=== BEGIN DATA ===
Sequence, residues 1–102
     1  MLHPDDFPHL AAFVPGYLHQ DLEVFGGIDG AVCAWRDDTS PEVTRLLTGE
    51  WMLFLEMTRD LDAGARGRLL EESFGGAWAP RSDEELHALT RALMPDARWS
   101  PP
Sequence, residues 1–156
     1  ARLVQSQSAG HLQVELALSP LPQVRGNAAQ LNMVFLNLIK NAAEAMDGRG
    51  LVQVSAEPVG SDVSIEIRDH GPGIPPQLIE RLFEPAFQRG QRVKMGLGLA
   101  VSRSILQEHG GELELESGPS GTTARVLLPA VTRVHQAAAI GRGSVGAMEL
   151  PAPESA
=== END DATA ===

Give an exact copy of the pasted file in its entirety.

Sequence, residues 1–102
     1  MLHPDDFPHL AAFVPGYLHQ DLEVFGGIDG AVCAWRDDTS PEVTRLLTGE
    51  WMLFLEMTRD LDAGARGRLL EESFGGAWAP RSDEELHALT RALMPDARWS
   101  PP
Sequence, residues 1–156
     1  ARLVQSQSAG HLQVELALSP LPQVRGNAAQ LNMVFLNLIK NAAEAMDGRG
    51  LVQVSAEPVG SDVSIEIRDH GPGIPPQLIE RLFEPAFQRG QRVKMGLGLA
   101  VSRSILQEHG GELELESGPS GTTARVLLPA VTRVHQAAAI GRGSVGAMEL
   151  PAPESA